History & Design of the Iraq Flag
The flag of Iraq that is flown today has three horizontal stripes of equal sizes in the colors red, white and black. The most recent version of the flag was adopted in 2008 and bears the takbir in green on the white bar in the center. The takbir reads Allahu akbar or “God is great,” but the lettering has changed over the years.
The first flag of Iraq was adopted in 1921, known as the Kingdom of Iraq. The flag had a black horizontal bar across the top, a white horizontal bar in the center and a green horizontal bar on the bottom. However, there were variants of the flag used after 1930 with one version displaying a red trapezoid on the left with two seven-point white stars to denote the Arabs and Kurds, the two principal people of the kingdom. The second version had a red triangle with a gold crown in the center.
Merger with Egypt and Saudia Arabia
In 1958, after the merger with Egypt and Syria, the two Hashemite kingdoms of Iraq and Jordan established the Arab Federation, adopting a flag that was the same as the one used in Jordan although it eliminated the seven-point star in the chevron. The flag is identical to the flag of Palestine, which was adopted in 1964 and very similar to the flag used by the Ba’ath Party. The union only lasted six months and it was terminated by the Iraqi Revolution of 1958.
Egypt, Syria and Iraq Union
In 1963, Egypt, Syria and Iraq attempted to form a union and created a flag with one red horizontal bar on the top, one white horizontal bar in the center and one black horizontal bar across the bottom. In the center were three green stars that were to represent the three countries in the union. Although the union never came to be, Iraq used the flag as its national flag from 1963 until 1991, claiming that the three stars represented the attempts Iraq made to unify Arab countries.
During the first Iraq War, the Iraq flag was changed again with the addition of the takbir in green added between the stars in the handwriting of Saddam Hussein. The text is read from right to left on both sides of the flag. The addition of the words “God is Great” to the flag was an attempt to gain support for the conflict from outlawed religious leaders as well as to improve the Islamic credentials of the leadership in Iraq.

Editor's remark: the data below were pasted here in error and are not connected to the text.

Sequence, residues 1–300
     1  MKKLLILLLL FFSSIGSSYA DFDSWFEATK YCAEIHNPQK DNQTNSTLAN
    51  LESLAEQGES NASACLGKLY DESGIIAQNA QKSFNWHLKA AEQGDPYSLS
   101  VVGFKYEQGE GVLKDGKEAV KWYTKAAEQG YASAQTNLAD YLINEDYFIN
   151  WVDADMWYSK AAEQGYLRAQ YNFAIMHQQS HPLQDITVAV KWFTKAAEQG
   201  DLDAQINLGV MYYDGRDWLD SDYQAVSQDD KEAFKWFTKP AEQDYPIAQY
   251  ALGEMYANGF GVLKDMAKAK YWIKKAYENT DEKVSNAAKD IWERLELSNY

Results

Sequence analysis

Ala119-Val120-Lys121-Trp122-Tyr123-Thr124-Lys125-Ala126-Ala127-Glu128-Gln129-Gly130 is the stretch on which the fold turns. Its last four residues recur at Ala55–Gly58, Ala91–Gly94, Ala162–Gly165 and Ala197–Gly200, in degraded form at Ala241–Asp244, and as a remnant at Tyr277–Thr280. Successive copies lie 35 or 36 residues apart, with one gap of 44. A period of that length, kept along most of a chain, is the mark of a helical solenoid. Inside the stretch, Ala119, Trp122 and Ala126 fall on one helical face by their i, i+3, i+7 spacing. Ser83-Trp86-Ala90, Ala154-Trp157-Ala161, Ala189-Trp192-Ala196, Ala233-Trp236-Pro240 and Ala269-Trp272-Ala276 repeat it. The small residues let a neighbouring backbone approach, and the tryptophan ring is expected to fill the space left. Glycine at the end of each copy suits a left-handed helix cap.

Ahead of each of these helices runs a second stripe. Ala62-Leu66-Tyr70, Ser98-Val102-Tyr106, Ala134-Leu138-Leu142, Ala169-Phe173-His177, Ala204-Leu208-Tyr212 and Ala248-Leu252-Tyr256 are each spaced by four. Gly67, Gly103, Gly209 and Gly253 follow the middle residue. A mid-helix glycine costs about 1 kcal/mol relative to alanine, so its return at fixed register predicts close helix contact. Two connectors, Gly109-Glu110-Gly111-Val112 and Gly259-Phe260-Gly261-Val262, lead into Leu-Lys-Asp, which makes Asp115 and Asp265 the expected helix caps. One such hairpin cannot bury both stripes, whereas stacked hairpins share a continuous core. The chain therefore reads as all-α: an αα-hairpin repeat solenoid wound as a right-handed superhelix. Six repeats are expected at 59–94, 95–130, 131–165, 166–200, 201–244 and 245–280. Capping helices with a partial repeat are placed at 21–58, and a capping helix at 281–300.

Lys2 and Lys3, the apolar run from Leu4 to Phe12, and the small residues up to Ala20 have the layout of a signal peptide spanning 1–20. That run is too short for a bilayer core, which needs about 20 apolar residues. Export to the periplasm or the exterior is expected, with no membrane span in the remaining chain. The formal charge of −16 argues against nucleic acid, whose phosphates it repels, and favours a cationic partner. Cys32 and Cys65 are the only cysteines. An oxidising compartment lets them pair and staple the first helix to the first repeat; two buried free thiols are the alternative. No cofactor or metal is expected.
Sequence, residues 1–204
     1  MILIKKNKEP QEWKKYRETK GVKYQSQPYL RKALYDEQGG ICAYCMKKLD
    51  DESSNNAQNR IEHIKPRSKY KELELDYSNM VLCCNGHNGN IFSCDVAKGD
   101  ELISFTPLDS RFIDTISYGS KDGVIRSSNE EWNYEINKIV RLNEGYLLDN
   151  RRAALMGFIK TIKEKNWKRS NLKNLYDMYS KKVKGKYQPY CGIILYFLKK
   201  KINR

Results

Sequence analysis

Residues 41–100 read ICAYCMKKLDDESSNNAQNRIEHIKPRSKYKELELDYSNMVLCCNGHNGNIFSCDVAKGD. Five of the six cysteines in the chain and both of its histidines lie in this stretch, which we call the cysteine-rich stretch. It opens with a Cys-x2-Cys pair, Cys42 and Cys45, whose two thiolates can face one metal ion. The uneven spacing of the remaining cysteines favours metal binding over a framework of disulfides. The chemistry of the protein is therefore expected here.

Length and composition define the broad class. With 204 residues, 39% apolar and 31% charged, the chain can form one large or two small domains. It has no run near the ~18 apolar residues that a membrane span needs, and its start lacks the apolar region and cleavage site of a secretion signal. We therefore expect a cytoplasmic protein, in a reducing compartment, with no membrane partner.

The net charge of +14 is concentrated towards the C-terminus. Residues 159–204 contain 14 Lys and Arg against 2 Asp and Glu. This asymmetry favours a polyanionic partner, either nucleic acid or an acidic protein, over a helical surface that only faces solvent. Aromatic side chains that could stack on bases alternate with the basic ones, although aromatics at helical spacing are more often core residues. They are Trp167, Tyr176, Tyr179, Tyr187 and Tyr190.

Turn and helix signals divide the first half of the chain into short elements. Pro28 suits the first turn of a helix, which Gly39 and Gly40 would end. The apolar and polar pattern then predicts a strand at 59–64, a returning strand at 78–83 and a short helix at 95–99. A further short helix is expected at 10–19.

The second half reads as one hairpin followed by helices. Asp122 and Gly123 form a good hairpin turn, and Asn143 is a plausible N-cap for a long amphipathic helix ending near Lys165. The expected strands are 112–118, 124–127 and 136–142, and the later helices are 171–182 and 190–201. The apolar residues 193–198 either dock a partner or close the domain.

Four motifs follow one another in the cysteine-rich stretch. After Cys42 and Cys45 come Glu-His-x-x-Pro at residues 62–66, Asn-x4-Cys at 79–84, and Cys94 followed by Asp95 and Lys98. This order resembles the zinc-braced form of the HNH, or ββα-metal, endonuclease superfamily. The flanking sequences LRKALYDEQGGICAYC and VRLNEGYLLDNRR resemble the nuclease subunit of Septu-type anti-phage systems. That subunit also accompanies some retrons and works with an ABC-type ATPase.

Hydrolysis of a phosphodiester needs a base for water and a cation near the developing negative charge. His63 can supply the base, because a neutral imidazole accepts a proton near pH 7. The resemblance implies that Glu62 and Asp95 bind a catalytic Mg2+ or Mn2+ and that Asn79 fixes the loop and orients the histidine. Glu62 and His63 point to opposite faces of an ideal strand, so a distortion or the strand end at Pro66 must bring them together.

After First Iraq War
As a compromise measure after the first Iraq War, the United States appointed administration changed the writing on the flag from Hussein’s handwriting to a traditional Kufic script. The flag was adopted and revealed during a ceremony marking the handover of power from the Coalition Provincial Authority to the United States appointed administration in 2004. There was some opposition to the flag as many felt it was a “Saddamist flag,” despite the fact that the basic design of the flag was in existence for decades before Hussein’s rule. There was a movement to change the flag to one with a blue crescent on a white background with two blue and one gold horizontal bar across the bottom. The white of the flag was to represent purity, the two blue bands to represent the Tigris and Euphrates rivers, the yellow to represent the Kurdish majority, the crescent to represent Islam and the blue to represent Turkmen. Many felt the design was too similar to that used by Israel and public outcry led the design to be abandoned.
Iraq Flag Contest
In 2008, because opposition to what was still considered the Saddamist flag, the Iraqi parliament launched a flag design contest. Six designs were chosen as finalists and sent to the parliament. The flag was adopted by Law 9 of 2008, keeping the red, white and black bars, but removing the three stars. The takbir remained in the center of the white bar in green, traditional script. The parliament initially intended the flag to only be in place for one year, at which time a final decision would be made. The flag was renewed in April 2009.
The Iraqi flag has changed considerably over the years as mergers and revolutions changed the leadership of the country. Today’s flag is meant to represent the different people of the country and creating a sense of unity among those who live there.